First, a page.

I thought that faith and not imagination had been the substance and grounds of things not seen; that the just live by faith and not imagination; that by faith we are saved; by faith we are justified; by faith we overcome the world - not by fancy, fiction or imagination. We must mend the Creed if Mr. Hobbs his religion be true, and instead of saying I believe in God we must say I imagine or feign in my mind an invisible power. …

Though all men be equal by nature in regard of the essential perfection of the soul, yet in respect of accidental perfections, we find the contrary. For some are by nature blind, some deaf, some dumb, some lame and deformed, some dull, foolish and stupid. I would know then whether a fool whose body is strong and judgment weak be naturally apter to command or to serve? And whether he who is of weak body and of a strong judgment is not fitted by nature rather to command than to serve? Mr. Hobbes saith "That there are few so foolish which had not rather govern themselves than be governed". But I say than whoever is not fit for government is notorious fool if he will rather govern than be governed. Had Phaeton been a wise man, he would not have affected the government of his father's chariot: Magna petis Phaeton, & quae non viribus illis munera conveniunt. On the contrary, wise men have chosen rather to be governed by others than to govern others, and Christ (the wisdom of the Father) would rather be a servant than a king. Doubtless, in the state of innocency there should have been naturally a subordination and subjection, as of children to parents, of wives to their husbands, and of inferiors to their superiors. For there should have been no more equality among men on earth, than there was and is in heaven among angels, and in hell among devils. Yea, there is naturally subjection among beasts, rex unus apibus, dux unus gregibus [one king for the bees, one leader for the herd].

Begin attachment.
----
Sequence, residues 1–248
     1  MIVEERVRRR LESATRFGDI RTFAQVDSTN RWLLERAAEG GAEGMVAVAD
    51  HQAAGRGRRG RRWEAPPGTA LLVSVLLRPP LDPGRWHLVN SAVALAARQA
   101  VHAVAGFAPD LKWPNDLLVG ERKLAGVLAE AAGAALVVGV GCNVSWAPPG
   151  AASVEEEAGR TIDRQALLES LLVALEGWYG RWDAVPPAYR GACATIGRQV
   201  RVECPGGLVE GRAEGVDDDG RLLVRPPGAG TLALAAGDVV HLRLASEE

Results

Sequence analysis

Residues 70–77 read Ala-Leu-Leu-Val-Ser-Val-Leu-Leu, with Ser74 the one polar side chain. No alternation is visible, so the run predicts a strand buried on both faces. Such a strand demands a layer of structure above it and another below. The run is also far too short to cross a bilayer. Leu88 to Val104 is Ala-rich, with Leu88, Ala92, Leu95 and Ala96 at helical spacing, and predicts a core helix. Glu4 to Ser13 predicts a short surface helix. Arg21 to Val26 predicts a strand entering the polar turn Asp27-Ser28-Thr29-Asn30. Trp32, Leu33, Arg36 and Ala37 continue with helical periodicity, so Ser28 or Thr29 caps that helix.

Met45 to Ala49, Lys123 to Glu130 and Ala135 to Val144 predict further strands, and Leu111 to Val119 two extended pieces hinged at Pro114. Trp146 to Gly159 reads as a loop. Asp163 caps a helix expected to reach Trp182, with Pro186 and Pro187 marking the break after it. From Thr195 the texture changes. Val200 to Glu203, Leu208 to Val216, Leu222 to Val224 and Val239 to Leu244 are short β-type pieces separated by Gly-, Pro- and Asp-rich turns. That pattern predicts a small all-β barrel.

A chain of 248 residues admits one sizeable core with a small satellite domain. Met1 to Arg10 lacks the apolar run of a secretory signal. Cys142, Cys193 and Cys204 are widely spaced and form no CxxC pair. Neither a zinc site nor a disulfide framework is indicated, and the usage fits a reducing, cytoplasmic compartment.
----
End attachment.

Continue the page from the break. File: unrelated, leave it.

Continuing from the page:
To say that there is no inequality by nature, is to say that there is no order in nature, which cannot be without subordination. Surely in the state of corrupted nature, to say that all are equal is to say that none have sinned, for sin brought in servitude and subjection, so that the effect is no less natural than the cause. Again, whatsoever is necessary is also natural; but inequality and subordination among men who will live together is necessary and therefore natural. We see also that the body is naturally subject and subordinate to the soul - animae imperio corporis, servitio utimur. To be brief, seeing among men there are many defects, imperfections, wants and infirmities, and that naturally, there must be also naturally an inequality and subjection, by which these defects may be supplied which could not be if all men were equal by nature. Therefore not Aristotle, but Mr. Hobbes speaks against reason and experience.


[Spelling and punctuation modernized]

Alexander Ross (1591-1654) was a Scottish divine educated at the University of Aberdeen, He was one of Charles I's chaplains. As well as poetry, he wrote many tracts on politics, philosophy and history - mostly popularizing knowledge at a fairly low level for the general public.

Revelation 13:6 = "And he opened his mouth in blasphemy against God, to blaspheme his name, and his tabernacle, and them that dwell in heaven."

Job 41:20 = "Out of his nostrils goeth smoke, as out of a seething pot or caldron"

Cerinthus the heretic = Cerinthus was an early Gnostic heretic who denied the divinity of Christ.